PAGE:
Mastering the First Critical Strategic Question–part 1

The second part of Terry Schmidt’s book Strategic Management Made Simple focuses in on the relationship between the four critical strategic questions and how they are captured visually in the Logical Framework approach.   As a review from the first part of his book which introduced them, those four critical strategic questions are:

–What are we trying to accomplish and why?

–How will we measure success?

–What other conditions must exist?

–How do we get there?

The first chapter of this second part focuses in on the first critical strategic question, “What are we trying to accomplish and why?”

1.  Linking Objectives into Logical Levels

As mentioned in the first part, the answer to one part of the first critical strategic question, namely, “What are we trying to accomplish?” is the Outcome of the project, sometimes referred to as the deliverable.   There are two answers to the other part of the first critical strategic question, namely, the “why” part:  these are the Purpose of the project, and the Goal of the project.   The Purpose is the business need for the project, whether it be the need by customers in the marketplace for the product or the service that the project will produce, or the organization itself that will end up using the result of that project (for example, an improvement to existing processes).    The Goal is the way that the organization will profit or benefit by offering this new product, service, or result.     I say the word “benefit” because it is possible that the result may not be a profit per se, but an intangible benefit such as positive name recognition, which could happen if the organization participates in some charity event.

Once the Outcomes have been decided upon that are consistent with the Purpose and the Goal, then you can work on the Inputs that will create those Outcomes.   This is in reality skipping ahead to the fourth critical strategic question of “how do we get there?”  But for now, let’s just consider these four items, the Inputs, Outcomes, Purpose, and Goal and label them collectively as the Objectives.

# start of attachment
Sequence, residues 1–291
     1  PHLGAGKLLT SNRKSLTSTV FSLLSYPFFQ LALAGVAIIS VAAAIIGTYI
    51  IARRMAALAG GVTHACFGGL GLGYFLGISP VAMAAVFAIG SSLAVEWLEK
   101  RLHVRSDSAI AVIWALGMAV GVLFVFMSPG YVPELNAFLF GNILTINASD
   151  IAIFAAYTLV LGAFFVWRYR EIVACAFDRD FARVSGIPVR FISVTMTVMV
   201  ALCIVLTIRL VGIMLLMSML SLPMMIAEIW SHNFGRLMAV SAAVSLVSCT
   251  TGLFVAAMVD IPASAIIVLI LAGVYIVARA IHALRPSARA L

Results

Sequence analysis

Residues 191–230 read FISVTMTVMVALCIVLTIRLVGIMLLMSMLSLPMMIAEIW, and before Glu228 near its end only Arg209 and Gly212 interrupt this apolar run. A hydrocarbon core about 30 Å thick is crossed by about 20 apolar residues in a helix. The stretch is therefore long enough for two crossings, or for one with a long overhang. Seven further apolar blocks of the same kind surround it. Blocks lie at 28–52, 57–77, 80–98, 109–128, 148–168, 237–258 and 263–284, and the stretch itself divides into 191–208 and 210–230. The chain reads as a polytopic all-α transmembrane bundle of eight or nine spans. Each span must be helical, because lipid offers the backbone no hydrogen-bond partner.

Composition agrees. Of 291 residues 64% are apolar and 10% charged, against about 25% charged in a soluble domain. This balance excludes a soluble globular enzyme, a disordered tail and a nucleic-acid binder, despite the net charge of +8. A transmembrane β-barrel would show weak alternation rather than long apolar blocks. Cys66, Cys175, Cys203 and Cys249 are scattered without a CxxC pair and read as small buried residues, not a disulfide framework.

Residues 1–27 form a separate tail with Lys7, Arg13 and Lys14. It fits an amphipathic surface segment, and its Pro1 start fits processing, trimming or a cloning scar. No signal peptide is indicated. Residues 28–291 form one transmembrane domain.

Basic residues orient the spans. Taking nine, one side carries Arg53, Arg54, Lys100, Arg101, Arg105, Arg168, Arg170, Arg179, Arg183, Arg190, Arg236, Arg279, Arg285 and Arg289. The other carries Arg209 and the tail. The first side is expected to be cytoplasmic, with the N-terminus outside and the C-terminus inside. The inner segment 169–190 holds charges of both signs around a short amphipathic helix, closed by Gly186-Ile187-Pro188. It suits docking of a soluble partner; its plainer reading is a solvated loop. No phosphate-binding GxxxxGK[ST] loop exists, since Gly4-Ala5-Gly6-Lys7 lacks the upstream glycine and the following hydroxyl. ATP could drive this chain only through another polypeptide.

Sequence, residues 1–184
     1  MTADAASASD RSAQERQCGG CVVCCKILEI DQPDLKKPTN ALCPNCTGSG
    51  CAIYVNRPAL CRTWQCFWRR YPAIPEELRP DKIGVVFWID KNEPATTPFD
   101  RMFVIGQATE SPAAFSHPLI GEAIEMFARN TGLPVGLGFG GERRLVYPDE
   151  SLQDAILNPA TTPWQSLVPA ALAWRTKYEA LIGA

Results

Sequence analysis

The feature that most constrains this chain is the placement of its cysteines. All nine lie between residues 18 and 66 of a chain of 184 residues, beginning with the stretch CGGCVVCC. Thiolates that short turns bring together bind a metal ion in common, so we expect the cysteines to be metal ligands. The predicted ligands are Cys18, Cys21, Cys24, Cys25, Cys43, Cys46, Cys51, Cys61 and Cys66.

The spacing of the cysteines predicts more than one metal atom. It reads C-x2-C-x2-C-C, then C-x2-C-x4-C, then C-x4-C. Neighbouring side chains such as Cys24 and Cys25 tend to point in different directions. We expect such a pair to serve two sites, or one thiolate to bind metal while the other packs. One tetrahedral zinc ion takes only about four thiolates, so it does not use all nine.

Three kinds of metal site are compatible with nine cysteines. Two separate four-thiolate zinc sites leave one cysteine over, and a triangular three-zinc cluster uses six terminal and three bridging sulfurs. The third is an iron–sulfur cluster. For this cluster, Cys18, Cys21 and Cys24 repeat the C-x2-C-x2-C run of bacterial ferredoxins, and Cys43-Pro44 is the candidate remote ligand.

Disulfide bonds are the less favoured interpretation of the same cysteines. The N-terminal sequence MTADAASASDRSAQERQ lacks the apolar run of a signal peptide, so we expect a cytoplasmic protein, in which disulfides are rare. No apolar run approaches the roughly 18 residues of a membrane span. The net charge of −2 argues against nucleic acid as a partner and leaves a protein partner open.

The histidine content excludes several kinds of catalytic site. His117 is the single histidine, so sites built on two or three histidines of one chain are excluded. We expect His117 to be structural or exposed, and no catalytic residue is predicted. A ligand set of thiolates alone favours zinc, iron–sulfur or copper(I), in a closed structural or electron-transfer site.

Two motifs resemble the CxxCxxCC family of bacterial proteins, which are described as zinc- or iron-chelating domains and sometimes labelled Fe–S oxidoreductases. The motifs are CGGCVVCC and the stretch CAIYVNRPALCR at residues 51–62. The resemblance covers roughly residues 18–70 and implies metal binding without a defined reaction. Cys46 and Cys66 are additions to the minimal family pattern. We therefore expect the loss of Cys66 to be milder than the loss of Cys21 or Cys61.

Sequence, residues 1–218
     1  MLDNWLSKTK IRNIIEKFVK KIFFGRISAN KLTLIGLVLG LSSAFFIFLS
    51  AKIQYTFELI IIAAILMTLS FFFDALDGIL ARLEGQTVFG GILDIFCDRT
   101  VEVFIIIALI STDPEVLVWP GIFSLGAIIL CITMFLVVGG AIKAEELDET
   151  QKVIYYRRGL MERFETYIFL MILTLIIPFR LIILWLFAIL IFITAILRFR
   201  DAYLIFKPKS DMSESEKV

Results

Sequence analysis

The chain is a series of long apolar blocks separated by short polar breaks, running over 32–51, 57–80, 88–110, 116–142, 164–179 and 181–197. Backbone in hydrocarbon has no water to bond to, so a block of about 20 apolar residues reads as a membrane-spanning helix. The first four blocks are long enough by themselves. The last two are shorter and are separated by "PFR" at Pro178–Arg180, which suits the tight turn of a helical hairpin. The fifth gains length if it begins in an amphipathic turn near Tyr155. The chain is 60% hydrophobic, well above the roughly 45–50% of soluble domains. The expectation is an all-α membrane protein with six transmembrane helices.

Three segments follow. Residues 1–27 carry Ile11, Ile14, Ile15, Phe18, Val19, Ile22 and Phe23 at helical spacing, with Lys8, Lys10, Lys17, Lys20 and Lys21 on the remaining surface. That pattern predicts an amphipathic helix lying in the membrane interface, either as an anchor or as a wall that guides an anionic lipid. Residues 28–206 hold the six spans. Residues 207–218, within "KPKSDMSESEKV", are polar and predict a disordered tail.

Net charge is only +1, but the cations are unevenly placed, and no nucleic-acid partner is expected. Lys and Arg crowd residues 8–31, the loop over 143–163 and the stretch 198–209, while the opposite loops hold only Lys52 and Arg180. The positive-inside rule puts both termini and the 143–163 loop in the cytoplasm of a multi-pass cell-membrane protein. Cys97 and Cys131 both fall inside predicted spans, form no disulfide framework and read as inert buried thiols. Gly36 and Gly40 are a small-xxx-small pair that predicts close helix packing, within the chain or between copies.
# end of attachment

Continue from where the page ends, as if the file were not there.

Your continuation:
They should be logically linked as follows:

Inputs –>  Outcomes –> Purpose –> Goal

This is visual shorthand for saying,

“if the Inputs are applied, then the Outcomes will be produced,”

“if the Outcomes are produced, then the Purpose will be accomplished,” and

“if the Purpose is accomplished, then the Goal will be achieved.”

As the fourth chapter of the first part details, there may be higher level Purposes at the level of a program, higher level Goals at the level of a portfolio, or even a higher level Vision that ties them all together at the level of the enterprise.   But for now, let’s just consider the four levels of Objectives of a single project.

2.  Linking Objectives Thematically

How are these levels linked to each other, not logically, but thematically?    For that, see the chart below:



Definition Elaboration
Goal The higher-level strategic Objective to which the project contributes by fulfilling the Purpose of the project. The 10,000-foot view.  This can be the overarching umbrella for multiple projects and programs in a single portfolio.
Purpose The impact or behavior change(external or internal) we anticipate by producing the Outcomes of the project This can be the overarching umbrella for multiple projects in a single program.

NOTE:  This is the Objective of the project that’s usually missing in strategic planning.

Outcomes The specific result(s) the project team must deliver by managing the Inputs to the project. Interim deliverables, final end products, and processes.  The project team is responsible for delivering the Outcomes.
Inputs The activities and tasks we undertake and the resources necessary to produce the Outcomes of the project. Project management software can be helpful here in implementing the plan and the schedule.

As you can see from the chart, you start with the Outcomes, or the “what” question.   Then you ask yourself the “why” question and link upwards to fill in the Purpose and Goal.    Once these are linked logically and thematically according to the description in the above chart, you then link downwards to fill in the Inputs.   

This is how you build the Logical Framework with the project team.   How do you involve the stakeholders in the Logical Framework?   That is the subject of the next post.


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